Moreover, Vermes suggests that the “supplement amended to this parable by the editor of Luke about severe and light punishment represents further speculation on the theme within the church. “ In other words, Jesus is not talking, as Youssef claims, about “individual stewardship in an individual’s relationship with God” at all, but about (again) Paul’s congregation issues, a very specific context both temporally and spatially!
So here is Youssef, misapplying it while accusing President Obama of misapplying it. If what Paul said to a specific group of Greeks in Corinth 2000 years ago can be applied to people who are Episcopalians and Presbyterians today then why can’t words Jesus allegedly said to a group of Jews in Palestine 2000 years ago be find application today? Where, exactly, is the problem? The entire fundamentalist “movement” revolves around taking things YHWH said to Israel 3,000 years ago and applying them to America and you can’t get much more out of context than that.
It’s easy to see why Youssef (and others like him, including Santorum) do these things. CNN’s Blake writes that as a Bible professor says, “people prefer knowing biblical passages that reinforce their pre-existing beliefs.”
“Most people who profess a deep love of the Bible have never actually read the book,” says Rabbi Rami Shapiro.
Surely that deserves an “Amen!”
“They have memorized parts of texts that they can string together to prove the biblical basis for whatever it is they believe in,” he says, “but they ignore the vast majority of the text.”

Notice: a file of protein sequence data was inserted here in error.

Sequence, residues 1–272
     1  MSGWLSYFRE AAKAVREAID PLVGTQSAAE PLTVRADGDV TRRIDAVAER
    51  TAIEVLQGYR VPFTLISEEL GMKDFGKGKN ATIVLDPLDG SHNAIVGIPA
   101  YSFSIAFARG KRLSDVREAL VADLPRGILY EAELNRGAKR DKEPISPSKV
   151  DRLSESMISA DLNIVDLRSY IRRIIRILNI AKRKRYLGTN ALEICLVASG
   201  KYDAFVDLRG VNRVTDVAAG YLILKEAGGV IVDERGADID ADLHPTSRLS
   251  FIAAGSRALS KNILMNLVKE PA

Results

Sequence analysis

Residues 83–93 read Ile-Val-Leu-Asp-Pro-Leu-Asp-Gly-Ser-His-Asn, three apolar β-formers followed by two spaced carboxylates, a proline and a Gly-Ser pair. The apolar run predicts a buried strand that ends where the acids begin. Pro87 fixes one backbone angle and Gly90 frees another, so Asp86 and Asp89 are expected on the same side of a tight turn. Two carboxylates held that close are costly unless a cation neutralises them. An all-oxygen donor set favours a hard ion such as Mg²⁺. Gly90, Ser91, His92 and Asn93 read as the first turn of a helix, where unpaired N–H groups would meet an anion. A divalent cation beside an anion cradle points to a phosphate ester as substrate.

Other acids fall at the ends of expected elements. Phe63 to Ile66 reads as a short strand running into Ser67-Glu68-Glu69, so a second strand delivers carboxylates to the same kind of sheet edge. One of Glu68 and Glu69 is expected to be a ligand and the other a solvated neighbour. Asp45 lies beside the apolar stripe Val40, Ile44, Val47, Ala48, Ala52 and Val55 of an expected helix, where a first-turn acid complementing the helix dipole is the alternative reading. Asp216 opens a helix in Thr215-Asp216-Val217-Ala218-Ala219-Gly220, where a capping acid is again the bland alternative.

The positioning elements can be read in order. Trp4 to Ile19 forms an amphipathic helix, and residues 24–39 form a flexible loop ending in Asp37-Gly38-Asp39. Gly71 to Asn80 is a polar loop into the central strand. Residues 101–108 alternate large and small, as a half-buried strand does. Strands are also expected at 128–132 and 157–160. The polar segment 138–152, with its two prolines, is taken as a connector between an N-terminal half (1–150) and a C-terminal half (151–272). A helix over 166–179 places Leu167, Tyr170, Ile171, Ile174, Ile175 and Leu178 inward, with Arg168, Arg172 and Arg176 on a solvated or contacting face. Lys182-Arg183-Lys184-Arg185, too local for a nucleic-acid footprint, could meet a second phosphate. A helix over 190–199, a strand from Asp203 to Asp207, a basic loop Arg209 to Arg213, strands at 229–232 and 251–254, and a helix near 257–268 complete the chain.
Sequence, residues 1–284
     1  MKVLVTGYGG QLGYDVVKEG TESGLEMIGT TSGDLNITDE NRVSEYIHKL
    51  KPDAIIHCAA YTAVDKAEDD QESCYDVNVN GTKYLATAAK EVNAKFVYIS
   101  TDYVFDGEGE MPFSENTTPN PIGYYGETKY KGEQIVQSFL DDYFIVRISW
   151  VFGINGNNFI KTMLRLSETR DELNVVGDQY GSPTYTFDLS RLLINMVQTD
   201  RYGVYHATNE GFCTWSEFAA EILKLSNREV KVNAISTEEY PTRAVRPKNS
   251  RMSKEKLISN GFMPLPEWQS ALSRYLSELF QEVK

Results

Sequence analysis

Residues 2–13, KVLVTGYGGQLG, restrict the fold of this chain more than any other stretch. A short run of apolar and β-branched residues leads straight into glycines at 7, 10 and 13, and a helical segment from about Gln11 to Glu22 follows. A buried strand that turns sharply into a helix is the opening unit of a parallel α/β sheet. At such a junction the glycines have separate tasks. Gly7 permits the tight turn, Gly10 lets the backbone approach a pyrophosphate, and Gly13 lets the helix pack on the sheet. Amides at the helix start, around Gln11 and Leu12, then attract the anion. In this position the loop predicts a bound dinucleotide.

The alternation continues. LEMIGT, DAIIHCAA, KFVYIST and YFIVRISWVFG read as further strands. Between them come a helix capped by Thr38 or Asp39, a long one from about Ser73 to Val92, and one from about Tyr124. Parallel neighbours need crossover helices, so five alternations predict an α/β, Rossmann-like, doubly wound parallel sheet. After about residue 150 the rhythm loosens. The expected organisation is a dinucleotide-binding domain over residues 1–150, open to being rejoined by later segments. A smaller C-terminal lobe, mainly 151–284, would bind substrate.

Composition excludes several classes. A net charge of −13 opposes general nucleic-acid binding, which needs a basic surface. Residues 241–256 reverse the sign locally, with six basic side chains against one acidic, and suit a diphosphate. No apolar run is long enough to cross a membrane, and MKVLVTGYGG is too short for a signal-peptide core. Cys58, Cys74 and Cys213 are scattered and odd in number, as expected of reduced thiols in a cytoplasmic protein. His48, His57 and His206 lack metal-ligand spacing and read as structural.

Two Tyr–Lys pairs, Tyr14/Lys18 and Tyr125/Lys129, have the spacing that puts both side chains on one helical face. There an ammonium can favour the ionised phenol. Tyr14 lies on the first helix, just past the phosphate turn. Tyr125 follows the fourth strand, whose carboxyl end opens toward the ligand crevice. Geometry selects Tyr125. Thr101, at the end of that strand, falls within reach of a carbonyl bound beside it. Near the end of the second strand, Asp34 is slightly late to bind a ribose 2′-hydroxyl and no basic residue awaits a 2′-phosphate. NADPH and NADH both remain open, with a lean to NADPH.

Youssef, of course, doesn’t want us to look the way of fundamentalist preachers. The fault is all that of politicians:
Misquoting the Scripture is a common practice by some politicians to advance their cause, but this abuse of the Scripture and viewing one’s administration as the judge and executioner — not for crimes, but for personal stewardship — has reached a new low in egotism.
Mr. Obama needs to issue an immediate and urgent apology for his misuse and mangling of the Scripture.
After you, Dr. Youssef.
So when Youssef claims that “Many of us who are biblical scholars have watched Mr. Obama’s use, or should I say abuse, of the Bible with dismay,” we should say the same, and fundamentalists, claiming as they do to treat the Bible as the inerrant word of God, have much less right to make a mistake and no excuse at all to lie in the name of truth.
Update: A petition has been created for CNN to fire Erick Erickson that you can sign here.
Hrafnkell Haraldsson, a social liberal with leanings toward centrist politics has degrees in history and philosophy. His interests include, besides history and philosophy, human rights issues, freedom of choice, religion, and the precarious dichotomy of freedom of speech and intolerance. He brings a slightly different perspective to his writing, being that he is neither a follower of an Abrahamic faith nor an atheist but a polytheist, a modern-day Heathen who follows the customs and traditions of his Norse ancestors. He maintains his own blog, A Heathen’s Day, which deals with Heathen and Pagan matters, and Mos Maiorum Foundation www.mosmaiorum.org, dedicated to ethnic religion. He has also contributed to NewsJunkiePost, GodsOwnParty and Pagan+Politics.